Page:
‘Blind’ Robot to Locomote Without Cameras


Researchers have developed algorithms to free the Cheetah robot from visual devices, suggesting potential applications in rough terrain access

The Cheetah 3 robot at MIT is based on blind locomotion and is designed to handle unexpected terrain variations without external cameras or environmental sensors. This model proposes a solution to the inaccuracies or limitations of coverage that visual devices possess.

Overcoming dependence on cameras and sensors

The Cheetah 3 robot weighs approximately 41kg (90 pounds) and is said to be of a size comparable to that of a full-grown Labrador. It is programmed in a way to avoid dependence on vision as it can be noisy and unavailable sometimes.

Researchers said that the robot relies on tactile information and can also stretch backwards and forwards and twist from side to side. It has been designed to carry out tasks that can be dangerous or inaccessible for humans to execute.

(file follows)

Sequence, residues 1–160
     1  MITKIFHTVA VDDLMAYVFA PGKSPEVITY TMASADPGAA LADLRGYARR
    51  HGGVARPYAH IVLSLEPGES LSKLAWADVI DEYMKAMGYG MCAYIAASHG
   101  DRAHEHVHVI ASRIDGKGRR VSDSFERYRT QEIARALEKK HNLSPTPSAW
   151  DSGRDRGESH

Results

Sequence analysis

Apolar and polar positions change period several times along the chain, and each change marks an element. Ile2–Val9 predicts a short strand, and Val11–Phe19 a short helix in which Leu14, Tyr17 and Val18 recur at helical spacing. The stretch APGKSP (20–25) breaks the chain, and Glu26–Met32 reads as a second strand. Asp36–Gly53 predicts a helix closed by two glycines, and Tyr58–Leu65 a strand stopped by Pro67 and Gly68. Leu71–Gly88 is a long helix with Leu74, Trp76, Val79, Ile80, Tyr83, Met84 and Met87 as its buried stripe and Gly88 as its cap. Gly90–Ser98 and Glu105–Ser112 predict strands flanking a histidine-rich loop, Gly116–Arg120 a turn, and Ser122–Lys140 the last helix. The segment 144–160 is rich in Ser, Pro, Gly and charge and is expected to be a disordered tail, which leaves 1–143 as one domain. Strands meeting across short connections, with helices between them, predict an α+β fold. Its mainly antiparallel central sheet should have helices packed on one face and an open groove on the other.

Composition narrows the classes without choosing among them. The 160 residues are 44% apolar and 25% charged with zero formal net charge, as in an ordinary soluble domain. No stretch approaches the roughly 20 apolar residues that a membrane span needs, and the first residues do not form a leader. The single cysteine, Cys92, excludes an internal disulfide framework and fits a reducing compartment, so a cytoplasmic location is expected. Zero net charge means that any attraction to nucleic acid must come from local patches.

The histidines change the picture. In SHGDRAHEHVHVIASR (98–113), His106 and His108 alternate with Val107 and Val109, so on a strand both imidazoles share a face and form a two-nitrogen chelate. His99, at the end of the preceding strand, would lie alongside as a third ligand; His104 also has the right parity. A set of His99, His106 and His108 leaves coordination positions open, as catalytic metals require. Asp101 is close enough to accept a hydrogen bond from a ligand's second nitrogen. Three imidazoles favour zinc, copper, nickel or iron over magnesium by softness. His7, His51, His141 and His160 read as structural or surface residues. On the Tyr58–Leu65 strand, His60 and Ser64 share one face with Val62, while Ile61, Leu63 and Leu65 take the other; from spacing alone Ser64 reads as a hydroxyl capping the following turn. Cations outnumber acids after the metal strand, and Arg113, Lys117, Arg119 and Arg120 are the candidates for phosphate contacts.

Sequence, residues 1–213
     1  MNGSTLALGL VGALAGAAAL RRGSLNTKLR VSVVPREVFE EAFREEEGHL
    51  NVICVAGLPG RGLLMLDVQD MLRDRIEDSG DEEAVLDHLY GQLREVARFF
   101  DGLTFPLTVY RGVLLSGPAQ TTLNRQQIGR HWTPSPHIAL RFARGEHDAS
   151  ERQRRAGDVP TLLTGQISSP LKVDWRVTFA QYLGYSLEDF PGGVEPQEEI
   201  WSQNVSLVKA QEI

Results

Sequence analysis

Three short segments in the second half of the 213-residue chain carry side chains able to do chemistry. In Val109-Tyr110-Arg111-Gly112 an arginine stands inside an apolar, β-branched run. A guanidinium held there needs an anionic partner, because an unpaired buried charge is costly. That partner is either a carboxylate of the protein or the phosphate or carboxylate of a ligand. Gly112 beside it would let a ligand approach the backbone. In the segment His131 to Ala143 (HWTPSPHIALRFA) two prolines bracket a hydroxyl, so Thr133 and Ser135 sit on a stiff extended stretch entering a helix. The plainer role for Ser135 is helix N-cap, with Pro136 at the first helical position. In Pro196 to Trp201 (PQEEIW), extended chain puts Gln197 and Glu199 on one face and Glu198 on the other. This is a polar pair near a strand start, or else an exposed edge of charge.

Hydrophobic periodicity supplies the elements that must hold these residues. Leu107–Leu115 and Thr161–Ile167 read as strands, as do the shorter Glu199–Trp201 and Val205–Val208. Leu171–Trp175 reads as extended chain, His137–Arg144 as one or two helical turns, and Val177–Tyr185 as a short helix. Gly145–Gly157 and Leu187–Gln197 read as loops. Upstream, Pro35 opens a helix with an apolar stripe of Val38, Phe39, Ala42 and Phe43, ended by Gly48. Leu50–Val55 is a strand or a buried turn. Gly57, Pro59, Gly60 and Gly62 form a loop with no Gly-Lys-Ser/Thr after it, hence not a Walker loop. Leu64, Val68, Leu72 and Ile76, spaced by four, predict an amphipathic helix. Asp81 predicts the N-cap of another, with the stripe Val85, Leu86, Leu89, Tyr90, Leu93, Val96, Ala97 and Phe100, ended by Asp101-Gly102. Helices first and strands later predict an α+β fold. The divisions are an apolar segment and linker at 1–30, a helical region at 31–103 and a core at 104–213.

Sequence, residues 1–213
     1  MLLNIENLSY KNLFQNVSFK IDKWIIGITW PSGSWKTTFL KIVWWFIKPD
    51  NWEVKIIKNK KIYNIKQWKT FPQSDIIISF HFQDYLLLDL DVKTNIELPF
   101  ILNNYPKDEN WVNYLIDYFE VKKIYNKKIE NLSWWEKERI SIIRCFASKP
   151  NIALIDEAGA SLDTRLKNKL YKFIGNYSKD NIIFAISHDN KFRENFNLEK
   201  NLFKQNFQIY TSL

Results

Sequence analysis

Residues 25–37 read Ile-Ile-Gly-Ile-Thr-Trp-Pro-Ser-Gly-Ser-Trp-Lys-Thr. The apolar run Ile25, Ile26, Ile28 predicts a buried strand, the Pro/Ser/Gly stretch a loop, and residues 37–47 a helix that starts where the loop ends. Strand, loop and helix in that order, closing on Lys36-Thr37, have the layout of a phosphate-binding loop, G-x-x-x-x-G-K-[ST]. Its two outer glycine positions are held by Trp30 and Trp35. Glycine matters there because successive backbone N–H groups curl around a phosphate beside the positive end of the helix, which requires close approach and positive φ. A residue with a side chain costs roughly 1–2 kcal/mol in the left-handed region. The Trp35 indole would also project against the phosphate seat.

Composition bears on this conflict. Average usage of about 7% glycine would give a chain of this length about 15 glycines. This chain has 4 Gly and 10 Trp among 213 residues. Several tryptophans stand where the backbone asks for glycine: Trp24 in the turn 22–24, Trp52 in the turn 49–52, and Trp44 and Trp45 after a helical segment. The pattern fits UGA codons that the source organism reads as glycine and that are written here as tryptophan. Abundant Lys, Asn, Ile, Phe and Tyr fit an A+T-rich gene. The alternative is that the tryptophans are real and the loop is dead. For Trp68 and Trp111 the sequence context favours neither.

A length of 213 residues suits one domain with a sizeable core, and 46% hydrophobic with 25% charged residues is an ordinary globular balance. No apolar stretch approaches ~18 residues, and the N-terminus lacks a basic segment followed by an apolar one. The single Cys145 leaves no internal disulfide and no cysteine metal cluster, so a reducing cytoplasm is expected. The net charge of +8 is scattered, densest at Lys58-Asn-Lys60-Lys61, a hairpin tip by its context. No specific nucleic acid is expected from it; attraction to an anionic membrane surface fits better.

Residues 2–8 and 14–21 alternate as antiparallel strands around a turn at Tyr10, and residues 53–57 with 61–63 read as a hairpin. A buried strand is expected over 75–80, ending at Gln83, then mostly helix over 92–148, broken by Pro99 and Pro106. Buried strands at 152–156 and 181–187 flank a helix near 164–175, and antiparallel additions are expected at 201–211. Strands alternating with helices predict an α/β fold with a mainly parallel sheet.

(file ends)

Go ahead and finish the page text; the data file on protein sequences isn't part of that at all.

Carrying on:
Underlying algorithms

The team has developed contact detection and model-predictive control algorithms that form the foundation of the robot’s ability to ‘blindly’ move in unstructured terrain while maintaining balance.

The aim of the contact detection algorithm is to tell the robot the time and kind of forces to be applied in order to move the body in the right way. The model-predictive control algorithm intends to predict the multiplicative positions of the robot’s body and legs half second in advance.

Exploring dangerous and inaccessible zones

The researchers tested the robot in experiments on laboratory treadmills and staircases. Random objects such as wooden blocks and rolls of tape were also spread on the surfaces.

The robot’s movements are developed from the idea of a human’s movement with closed eyes. It is a step towards preparing a preconceived mental model for where the ground could be.

This can eventually free machines from their dependence on sensors and cameras, making it possible to ‘blindly’ function in areas that are too remote or dangerous for humans to access.